Wichita State Shockers

Early-season tests set tone for Wichita State

Win or lose, the CBE Classic games in Kansas City can be a plus for Wichita State's basketball team. It's all in how the Shockers handle their success or failure.

Recent history provides a guide.

In 2005, a WSU team picked fifth in the Missouri Valley Conference played an Illinois team coming off a Final Four. The Shockers lost 55-54 on a neutral court. Pushing the Illini to the final seconds proved to that team it could play with anybody. That confidence helped the Shockers on their way to the 2006 Sweet 16. Last season, WSU played Georgetown and Michigan State closer than most expected in a tournament in Florida.

Those performances, in addition to a win over Siena, gave the Shockers an inflated sense of their skills. They paid for it with an 0-6 start to the Missouri Valley Conference season.

"We thought we had arrived, just because we played good," sophomore David Kyles said. "We kind of put it in cruise, instead of keeping the intensity up."

One year later, the 2009 Shockers, picked fifth in the MVC, are in a similar position to the 2005-06 team. They think they can be one of the better teams in the Missouri Valley Conference, yet uncertainty exists for a team that went 17-17 in 2009. Over the next two days, the Shockers can learn a lot about where this season might end.

"Going out and playing those big teams, we played with a sense of urgency," junior Graham Hatch said. "When we came back here, we thought we could play with anybody. We lost that sense of urgency, and that's why we went downhill."

The Shockers (2-0) believe they are mature enough to get more out of the experience than they did a year ago. The Shockers started two freshmen and two transfers in a 58-50 loss to Georgetown. Kyles came off the bench to score 11 points in his fourth college game. After beating Siena 72-70, WSU led Michigan State at the half before losing 65-57.

Is it any wonder the Shockers didn't fear Northern Iowa?

"We set ourselves up for some false expectations," WSU coach Gregg Marshall said. "We weren't ready to beat Michigan State or Georgetown. We got a dose of reality when we got into the Valley."

While WSU is without suspended senior guard Clevin Hannah for one more game, it will start three juniors and a two sophomores against Pitt (3-0).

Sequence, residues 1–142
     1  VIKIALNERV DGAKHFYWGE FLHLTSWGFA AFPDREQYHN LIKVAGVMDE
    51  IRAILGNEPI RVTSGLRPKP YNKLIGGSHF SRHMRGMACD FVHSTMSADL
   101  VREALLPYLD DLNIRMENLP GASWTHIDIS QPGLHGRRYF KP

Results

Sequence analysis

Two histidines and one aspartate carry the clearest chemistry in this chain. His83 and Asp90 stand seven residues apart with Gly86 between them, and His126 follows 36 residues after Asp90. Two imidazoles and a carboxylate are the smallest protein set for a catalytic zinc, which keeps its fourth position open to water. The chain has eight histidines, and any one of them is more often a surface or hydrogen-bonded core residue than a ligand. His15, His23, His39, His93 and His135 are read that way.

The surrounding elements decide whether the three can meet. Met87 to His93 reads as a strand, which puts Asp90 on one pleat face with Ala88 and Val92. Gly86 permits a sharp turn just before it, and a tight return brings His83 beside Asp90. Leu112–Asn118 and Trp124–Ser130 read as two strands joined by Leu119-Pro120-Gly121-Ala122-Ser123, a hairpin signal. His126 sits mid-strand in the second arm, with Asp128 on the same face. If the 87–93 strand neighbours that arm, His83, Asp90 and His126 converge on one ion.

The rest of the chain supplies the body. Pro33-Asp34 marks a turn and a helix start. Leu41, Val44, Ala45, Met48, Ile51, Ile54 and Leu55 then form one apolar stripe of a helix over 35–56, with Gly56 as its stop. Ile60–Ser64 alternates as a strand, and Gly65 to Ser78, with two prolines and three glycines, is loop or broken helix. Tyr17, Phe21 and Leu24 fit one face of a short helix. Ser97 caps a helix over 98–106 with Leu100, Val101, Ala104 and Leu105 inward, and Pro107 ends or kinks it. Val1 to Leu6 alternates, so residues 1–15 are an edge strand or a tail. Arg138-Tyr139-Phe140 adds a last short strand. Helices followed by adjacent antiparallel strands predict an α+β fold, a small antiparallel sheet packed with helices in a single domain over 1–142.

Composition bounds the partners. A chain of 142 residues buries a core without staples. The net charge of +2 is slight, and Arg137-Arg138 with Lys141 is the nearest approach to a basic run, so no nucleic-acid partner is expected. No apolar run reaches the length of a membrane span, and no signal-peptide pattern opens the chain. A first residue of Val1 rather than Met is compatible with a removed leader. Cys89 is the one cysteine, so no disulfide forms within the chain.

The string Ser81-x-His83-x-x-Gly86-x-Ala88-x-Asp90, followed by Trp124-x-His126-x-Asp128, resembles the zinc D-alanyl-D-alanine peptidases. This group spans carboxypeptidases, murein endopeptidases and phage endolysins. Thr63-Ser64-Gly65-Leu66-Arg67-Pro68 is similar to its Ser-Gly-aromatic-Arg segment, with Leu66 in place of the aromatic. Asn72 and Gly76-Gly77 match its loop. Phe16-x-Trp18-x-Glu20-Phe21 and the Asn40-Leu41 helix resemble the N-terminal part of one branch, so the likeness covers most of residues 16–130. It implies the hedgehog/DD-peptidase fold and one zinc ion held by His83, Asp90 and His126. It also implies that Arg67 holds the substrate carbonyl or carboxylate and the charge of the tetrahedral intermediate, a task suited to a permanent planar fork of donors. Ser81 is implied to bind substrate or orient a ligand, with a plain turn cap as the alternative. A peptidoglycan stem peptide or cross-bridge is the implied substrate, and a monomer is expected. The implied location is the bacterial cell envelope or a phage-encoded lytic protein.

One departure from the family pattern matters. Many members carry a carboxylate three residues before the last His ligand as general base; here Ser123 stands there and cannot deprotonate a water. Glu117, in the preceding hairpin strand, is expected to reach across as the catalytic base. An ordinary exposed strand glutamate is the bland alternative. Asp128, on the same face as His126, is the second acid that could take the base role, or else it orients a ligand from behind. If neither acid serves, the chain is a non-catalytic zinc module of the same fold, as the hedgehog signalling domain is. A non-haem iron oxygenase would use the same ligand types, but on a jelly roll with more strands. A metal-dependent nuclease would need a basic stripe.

"I think we're definitely more prepared," Hatch said. "The people who went down there last year, they've experienced it. Going to (play) Pitt, we're going to handle it all right. It's only the name on the jersey."

Marshall knows that name stands for something — an Elite Eight appearance in 2009, for starters. Pitt coach Jamie Dixon is 34-0 in November games.

"These guys are used to winning," Marshall said. "These are the big boys. We'll have to execute and take care of the little things."

This week's games represent the middle leg of a three-season journey to some of college basketball's best regular-season tournaments for WSU. Last season's Old Spice Classic also hosted Tennessee, Oklahoma State and Gonzaga. WSU joins Kentucky, Connecticut, Oklahoma, Michigan State and others in the Maui Invitational next season.

That competition and exposure on ESPN's networks is golden to WSU. Assistant coach Marty Gross sent out more than 100 e-mails to coaches and players before the Shockers played on ESPNU against Fairleigh Dickinson.

"We wanted to see, the kids we are involved with this year, next year and the year after, who's paying attention," Marshall said. "Kind of gauge their interest in our program. We got some good response, and that was against FDU on ESPNU. I think this will be even better because of the opponent and it's on (ESPN2)."

Of course, that TV time means more if the Shockers play well. Much more if they win in the Sprint Center.

"We're going to get something accomplished," Kyles said. "Last year, we were sick with ourselves, even though a lot of people didn't expect us to beat Georgetown or Michigan State. We wanted to beat them. This year, we have the same chip on your shoulder."

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